The race start was different this year, and instead of spending extra distance starting up switchbacks on an already too-long course, we went straight up the ski hill. It felt more true to a Vk, though I definitely wasn’t expecting this. It took a lot of concentration to step over rocks, through bushes and mule’s ears, while simultaneously bumping around between people. It’s a fairly steep and aerobically shocking start.
After getting thrown into the start, the course hits a fire road and that helps everyone start to get their pace and rhythm a bit better. I made good progress through the crowd the more steep sections we hiked up the road. I think somewhere in here is also when my first shoelace came untied. I was wearing the old Altra King Mtn 1.5, which have a velcro strap across the top, so I wasn’t too worried about my shoes coming loose. I decided the laces are short enough to not step on – I’d just chance it. I also realized quickly during this section that the sample, pre-production version of the shorts I was wearing were not quite the same as the production version I also have, and thus got very unexpectedly weighed down by my phone & half-sized soft flask. So at the same time I was watching my shoelace was flying around, I was also trying to tighten and keep my shorts from falling down.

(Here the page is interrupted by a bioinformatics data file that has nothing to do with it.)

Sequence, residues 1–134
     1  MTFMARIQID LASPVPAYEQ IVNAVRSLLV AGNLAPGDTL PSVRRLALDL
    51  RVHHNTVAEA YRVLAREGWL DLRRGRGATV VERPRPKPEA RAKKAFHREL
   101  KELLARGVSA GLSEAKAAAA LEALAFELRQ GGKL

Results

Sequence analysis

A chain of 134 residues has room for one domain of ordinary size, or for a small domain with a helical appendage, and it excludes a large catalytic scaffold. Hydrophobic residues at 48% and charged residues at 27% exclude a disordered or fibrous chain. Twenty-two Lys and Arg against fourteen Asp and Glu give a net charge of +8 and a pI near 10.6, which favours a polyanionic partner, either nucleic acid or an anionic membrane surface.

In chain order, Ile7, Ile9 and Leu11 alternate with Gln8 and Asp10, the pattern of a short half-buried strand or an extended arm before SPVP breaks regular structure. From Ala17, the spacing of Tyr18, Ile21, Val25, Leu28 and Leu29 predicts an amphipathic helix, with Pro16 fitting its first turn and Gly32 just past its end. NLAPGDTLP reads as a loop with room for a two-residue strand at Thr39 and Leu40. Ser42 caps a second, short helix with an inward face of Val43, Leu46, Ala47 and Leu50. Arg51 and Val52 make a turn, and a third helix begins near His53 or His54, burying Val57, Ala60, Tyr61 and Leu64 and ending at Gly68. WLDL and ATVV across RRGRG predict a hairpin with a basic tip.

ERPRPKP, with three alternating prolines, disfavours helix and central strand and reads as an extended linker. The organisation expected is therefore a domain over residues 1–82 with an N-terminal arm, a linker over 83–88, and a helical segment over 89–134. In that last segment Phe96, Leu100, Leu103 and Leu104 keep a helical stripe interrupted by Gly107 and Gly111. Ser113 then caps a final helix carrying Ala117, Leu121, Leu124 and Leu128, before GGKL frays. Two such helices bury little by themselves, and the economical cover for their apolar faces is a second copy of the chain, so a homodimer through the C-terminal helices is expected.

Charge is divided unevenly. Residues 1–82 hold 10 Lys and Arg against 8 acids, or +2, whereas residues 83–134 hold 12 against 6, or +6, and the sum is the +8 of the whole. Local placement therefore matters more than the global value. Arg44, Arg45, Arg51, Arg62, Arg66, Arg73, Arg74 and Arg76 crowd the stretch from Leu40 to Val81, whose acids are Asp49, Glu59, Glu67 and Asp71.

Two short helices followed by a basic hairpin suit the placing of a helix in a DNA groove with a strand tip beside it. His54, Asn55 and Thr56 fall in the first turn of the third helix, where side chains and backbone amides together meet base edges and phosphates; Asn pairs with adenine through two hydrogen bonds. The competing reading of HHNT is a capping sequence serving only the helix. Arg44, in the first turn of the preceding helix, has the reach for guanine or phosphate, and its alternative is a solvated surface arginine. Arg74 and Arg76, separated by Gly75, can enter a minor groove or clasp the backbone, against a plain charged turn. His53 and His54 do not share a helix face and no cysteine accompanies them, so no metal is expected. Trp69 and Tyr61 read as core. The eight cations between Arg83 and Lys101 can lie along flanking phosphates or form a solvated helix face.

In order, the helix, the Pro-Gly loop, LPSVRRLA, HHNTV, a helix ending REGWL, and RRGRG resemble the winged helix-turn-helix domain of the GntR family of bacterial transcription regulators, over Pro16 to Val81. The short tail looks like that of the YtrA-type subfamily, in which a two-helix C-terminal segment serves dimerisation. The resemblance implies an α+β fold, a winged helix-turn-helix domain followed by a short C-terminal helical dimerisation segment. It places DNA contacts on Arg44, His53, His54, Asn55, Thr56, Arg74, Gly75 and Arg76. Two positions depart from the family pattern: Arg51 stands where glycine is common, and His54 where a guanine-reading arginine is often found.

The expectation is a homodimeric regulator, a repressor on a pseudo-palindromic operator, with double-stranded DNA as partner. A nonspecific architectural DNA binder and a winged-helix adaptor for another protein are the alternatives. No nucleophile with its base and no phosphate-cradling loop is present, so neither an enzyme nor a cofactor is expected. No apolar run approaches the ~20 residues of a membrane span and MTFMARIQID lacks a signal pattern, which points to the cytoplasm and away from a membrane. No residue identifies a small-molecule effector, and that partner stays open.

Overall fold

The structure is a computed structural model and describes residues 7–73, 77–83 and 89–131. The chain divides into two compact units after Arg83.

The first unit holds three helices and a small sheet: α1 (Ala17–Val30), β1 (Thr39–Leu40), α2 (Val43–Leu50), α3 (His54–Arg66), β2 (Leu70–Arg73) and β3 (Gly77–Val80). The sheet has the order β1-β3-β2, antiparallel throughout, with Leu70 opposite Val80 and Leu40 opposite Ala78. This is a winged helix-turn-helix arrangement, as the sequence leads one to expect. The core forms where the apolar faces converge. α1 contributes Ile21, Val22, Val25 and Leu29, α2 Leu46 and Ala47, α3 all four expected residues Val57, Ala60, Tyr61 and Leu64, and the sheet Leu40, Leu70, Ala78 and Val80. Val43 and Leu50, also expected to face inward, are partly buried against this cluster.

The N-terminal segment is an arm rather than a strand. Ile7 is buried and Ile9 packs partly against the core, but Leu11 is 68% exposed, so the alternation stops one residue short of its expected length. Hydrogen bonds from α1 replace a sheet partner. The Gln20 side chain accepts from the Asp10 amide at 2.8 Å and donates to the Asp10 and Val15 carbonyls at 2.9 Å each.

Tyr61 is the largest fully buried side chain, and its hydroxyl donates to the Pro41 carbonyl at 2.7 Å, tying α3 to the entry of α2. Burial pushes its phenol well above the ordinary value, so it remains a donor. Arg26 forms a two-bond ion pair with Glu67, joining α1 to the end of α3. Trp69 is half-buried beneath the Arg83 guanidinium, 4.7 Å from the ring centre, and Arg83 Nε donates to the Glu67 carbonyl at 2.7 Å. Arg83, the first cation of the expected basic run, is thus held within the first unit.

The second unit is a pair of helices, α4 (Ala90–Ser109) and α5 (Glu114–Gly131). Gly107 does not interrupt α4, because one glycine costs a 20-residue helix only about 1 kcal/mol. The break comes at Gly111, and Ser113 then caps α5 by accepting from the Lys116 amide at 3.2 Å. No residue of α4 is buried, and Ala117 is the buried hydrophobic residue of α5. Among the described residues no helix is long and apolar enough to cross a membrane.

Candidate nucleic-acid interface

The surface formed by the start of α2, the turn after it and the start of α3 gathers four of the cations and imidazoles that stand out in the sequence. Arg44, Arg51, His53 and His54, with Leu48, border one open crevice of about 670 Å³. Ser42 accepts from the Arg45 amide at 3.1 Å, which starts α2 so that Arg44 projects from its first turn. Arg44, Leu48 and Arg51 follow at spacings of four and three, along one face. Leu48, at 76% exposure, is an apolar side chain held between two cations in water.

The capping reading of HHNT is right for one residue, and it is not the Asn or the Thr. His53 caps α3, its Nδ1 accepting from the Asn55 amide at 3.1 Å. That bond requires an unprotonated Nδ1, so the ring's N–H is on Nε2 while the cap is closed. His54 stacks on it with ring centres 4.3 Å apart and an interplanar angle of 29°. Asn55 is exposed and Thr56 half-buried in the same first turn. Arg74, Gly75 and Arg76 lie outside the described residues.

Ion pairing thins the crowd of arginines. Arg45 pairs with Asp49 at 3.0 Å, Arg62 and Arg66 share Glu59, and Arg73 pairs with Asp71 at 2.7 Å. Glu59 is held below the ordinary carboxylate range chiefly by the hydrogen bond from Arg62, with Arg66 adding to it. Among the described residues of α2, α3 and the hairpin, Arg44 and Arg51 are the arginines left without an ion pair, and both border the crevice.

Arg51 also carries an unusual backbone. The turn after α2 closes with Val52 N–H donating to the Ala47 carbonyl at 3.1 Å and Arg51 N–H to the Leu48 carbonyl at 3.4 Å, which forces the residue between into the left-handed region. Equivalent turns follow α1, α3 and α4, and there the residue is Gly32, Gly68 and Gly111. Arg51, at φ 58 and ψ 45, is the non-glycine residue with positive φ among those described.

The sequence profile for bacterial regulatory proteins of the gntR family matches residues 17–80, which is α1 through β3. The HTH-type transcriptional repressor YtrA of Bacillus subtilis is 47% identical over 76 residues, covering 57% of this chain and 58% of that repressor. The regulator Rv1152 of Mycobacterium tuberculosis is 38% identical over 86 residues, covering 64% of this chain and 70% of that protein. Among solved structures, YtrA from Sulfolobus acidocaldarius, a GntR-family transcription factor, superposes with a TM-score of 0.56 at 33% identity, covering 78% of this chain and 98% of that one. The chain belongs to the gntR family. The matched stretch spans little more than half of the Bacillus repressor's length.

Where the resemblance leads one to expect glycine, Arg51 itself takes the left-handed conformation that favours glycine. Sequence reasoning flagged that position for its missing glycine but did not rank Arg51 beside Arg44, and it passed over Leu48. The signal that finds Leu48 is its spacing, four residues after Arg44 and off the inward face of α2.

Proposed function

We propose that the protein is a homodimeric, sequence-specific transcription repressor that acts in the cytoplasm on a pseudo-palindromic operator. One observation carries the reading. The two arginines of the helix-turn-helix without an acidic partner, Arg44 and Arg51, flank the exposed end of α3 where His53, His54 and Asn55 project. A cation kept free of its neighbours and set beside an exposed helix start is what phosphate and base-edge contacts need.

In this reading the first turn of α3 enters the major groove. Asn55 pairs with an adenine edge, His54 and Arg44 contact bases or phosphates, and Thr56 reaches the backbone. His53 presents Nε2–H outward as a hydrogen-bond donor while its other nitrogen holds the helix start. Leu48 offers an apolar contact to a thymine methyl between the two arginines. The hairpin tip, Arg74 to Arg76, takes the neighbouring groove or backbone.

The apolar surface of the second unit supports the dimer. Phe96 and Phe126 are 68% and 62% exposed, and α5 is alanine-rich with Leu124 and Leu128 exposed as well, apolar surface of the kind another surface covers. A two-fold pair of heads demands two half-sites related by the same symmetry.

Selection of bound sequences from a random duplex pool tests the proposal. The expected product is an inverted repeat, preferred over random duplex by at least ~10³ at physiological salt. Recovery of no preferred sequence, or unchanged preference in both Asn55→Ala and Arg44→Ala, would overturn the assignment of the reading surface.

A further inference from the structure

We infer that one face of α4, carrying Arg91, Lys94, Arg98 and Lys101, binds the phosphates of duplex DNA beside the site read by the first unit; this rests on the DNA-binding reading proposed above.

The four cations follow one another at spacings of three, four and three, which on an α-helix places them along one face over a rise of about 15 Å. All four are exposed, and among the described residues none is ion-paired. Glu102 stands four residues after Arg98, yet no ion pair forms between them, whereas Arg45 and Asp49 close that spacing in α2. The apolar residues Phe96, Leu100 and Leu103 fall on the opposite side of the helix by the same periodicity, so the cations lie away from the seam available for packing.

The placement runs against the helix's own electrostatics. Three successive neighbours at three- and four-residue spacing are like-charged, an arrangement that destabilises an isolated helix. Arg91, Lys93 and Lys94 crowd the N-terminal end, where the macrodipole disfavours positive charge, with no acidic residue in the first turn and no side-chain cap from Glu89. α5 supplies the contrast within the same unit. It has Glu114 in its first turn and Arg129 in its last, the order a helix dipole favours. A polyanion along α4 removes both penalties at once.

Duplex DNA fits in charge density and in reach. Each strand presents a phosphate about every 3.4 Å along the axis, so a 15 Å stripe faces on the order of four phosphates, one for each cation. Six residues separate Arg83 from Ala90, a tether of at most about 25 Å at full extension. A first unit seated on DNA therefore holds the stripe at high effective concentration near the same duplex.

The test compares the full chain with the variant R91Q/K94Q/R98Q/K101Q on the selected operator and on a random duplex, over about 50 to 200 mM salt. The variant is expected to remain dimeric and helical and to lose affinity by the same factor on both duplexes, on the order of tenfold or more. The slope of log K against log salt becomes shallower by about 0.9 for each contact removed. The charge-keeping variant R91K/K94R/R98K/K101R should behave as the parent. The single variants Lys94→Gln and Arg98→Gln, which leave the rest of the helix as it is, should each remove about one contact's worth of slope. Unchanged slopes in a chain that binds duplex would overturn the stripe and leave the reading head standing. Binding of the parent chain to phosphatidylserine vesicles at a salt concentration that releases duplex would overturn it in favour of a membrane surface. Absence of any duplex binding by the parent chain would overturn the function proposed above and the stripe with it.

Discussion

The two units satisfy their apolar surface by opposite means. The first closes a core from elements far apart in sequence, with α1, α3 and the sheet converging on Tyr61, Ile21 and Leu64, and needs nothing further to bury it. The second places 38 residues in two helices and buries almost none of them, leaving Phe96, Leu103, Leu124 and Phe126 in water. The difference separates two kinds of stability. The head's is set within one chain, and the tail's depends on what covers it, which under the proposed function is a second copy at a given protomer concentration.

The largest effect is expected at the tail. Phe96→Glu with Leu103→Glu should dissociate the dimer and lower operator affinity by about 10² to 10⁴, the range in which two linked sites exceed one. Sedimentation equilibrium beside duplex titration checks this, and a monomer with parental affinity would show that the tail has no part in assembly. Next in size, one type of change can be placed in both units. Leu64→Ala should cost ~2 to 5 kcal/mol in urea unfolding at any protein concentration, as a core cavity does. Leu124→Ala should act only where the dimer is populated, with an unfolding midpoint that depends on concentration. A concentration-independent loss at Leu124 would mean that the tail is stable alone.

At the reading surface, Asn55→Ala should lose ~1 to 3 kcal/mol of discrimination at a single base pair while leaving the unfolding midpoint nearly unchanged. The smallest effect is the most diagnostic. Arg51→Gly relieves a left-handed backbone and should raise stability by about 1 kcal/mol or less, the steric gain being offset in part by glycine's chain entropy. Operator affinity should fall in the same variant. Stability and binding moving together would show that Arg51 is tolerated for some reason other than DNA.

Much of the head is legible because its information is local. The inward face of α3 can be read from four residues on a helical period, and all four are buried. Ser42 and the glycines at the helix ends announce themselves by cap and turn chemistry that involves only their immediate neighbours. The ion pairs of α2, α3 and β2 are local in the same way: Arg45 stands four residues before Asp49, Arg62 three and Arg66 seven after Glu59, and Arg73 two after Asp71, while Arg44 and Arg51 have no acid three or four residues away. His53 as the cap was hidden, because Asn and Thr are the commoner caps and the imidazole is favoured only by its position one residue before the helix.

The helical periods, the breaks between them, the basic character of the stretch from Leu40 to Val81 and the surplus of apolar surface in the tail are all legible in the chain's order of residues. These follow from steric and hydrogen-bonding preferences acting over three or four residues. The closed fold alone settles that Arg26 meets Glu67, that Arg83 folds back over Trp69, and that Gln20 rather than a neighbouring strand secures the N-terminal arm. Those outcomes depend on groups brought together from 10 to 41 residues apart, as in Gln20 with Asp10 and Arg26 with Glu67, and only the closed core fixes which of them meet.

As we started along the Red Dog Ridge section next, I found that either I didn’t place myself right amongst the crowd or more likely, my strengths are just very different. I think this is where the course separates those who started too hard and couldn’t recover, or who simply aren’t used to this type of terrain. I kept wanting to run the runnable sections faster and move more aggressively up the technical sections, but was back to back in a conga line of people on singletrack trail. A few times I made the choice to pass around folks through bushes or rocks, partly out of sheer frustration that I was being prevented from running my own race and partly as practice for the aggression I’ll need racing in Europe in August.